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Myasthenia gravis

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Updated Jan 2009 by Charles Gomersall


- 1/20 000 adults
- females >> males
- peak incidence in 3rd decade in women, in 6th in men
- associated with other auto-immune diseases, particularly other organ-specific auto-immune diseases


  • auto-immune
  • antibodies to post-synaptic ACh receptor in 90%. Usually IgG. T
    • 2 populations of receptors: stable (t1/2 12/7) and rapid turnover (t1/2 1/7). ? latter precursors of the former. Rapid response to plasmaphoresis due to rapid regeneration of latter
    • clinical features manifest when skeletal muscle unable to synthesize receptors at a sufficiently high rate to maintain normal neuromuscular function
    • believed that myeloid cells within thymus have ACh receptors on their surface which serve as a source of autoantigen to trigger an immune response
  • other patients may have antibodies to other post-synaptic muscle components such as muscle specific kinase (MuSK)
    • in patients with anti-MuSK antibodies disease tends to primarily affect facial, bulbar, respiratory and neck muscles with relative sparing of limbs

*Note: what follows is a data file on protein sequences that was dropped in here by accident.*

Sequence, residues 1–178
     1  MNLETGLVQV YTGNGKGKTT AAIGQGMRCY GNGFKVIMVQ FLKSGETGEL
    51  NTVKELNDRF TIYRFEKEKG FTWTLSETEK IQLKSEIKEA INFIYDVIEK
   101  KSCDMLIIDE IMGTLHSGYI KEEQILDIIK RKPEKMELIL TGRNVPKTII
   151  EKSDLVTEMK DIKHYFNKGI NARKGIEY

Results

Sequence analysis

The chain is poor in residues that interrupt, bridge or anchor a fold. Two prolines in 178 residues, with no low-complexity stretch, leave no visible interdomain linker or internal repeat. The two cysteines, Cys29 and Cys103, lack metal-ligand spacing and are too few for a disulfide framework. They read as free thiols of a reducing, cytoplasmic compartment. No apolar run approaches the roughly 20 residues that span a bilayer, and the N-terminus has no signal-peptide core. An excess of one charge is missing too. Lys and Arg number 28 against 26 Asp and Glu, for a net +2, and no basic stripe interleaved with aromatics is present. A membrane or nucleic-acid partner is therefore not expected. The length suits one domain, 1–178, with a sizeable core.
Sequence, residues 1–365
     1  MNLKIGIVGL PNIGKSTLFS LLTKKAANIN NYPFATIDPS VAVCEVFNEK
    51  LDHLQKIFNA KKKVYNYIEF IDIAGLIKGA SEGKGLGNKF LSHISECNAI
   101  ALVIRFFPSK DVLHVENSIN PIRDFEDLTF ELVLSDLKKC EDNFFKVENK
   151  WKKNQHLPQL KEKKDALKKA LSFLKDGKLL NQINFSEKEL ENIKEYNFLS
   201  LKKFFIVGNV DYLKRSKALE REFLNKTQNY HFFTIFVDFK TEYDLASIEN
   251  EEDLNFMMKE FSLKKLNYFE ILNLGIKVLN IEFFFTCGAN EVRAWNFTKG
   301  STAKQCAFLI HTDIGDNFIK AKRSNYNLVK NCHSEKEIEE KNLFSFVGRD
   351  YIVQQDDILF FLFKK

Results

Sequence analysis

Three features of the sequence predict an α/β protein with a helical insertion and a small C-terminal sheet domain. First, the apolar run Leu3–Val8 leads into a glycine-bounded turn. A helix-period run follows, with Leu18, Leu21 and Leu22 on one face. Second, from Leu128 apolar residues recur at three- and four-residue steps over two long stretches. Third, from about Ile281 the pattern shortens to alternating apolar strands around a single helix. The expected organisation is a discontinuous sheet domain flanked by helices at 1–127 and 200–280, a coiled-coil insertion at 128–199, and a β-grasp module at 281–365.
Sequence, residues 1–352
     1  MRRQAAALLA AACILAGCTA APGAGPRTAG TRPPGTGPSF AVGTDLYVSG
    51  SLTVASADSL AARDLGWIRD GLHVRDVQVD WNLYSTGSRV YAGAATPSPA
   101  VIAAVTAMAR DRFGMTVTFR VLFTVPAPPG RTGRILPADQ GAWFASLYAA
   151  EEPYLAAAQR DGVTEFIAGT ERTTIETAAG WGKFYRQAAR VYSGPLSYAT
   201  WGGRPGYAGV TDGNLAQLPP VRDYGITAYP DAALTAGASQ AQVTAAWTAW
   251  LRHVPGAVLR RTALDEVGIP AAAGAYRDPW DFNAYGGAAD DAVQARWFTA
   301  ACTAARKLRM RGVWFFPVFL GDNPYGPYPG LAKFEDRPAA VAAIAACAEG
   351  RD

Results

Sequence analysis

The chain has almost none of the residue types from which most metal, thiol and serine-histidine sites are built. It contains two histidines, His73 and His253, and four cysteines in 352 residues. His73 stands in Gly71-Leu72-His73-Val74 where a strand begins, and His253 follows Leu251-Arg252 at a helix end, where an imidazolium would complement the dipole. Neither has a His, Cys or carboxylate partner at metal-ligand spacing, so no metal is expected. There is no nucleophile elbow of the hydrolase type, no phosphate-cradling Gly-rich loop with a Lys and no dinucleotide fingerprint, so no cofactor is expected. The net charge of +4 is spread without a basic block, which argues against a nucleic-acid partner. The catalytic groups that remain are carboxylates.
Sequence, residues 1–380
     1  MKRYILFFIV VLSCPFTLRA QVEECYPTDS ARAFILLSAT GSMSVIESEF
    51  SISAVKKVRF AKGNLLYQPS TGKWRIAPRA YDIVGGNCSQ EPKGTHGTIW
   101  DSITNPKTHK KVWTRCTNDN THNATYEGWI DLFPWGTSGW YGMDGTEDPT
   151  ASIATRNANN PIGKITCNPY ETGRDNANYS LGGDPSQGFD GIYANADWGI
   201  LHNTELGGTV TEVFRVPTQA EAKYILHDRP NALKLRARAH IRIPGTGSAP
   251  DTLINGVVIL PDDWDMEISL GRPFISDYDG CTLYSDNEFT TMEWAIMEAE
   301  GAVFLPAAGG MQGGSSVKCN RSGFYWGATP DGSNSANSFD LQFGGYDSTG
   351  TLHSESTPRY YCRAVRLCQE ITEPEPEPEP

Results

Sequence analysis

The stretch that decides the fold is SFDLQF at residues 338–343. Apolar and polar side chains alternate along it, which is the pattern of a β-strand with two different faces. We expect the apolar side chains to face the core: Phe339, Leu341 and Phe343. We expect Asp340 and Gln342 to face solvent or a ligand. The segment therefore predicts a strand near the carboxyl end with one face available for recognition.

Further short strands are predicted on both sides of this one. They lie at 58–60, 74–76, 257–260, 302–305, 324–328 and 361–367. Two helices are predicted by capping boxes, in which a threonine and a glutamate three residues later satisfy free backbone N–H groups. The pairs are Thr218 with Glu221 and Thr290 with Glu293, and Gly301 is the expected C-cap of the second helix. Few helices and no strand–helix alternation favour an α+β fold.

• 70% of patients have thymic hyperplasia (tend to be younger patients) and 10-15% have thymomas (tend to be elderly)
  • as disease progresses pre-synapatic receptor may become involved (fade of TOF twitch response seen before NDMR given)


  • ACh receptor antibodies. NB false positives may occur in: first degree relatives, organ-specific autoimmune disease, thymoma without MG, following penicillamine treatment. Latter will also exacerbate pre-existing MG. Titre of antibody important
  • MuSK antibody titre
  • positive edrophonium test
    • less widely used in recent years due to adverse effects (including severe bradycardia) and subjectivity of testing
    • used to distinguish between cholinergic crisis and myasthenic crisis
    • resuscitation facilities must be available. Atropine 0.6 mg given first or at least drawn up. Give 1 mg edrophonium first followed by a further 4-10 mg 1-2 min later if there is no response. IM neostigmine 1-2 mg may produce a positive response in 5-10% of patients who did not respond to edrophonium
  • EMG shows characteristic changes in 90% of patients with generalised MG and many of those with ocular MG only
  • other useful investigations include:
    • and single-fibre electomyography


  • early thymectomy advocated in virtually all patients, regardless of severity of disease or presence of a thymoma
  • results in earlier onset of remission, lower mortality and greater delay in appearance of extrathymic recurrences compared with medical treatment
  • pre-operative optimization of neuromuscular function is necessary: use anticholinesterases ± plasmaphoresis
  • in immediate post-operative period anticholinesterase requirements usually reduced to about ¾ of pre-op dose
  • sustained improvement may not be seen for several months

Response to anaesthetic drugs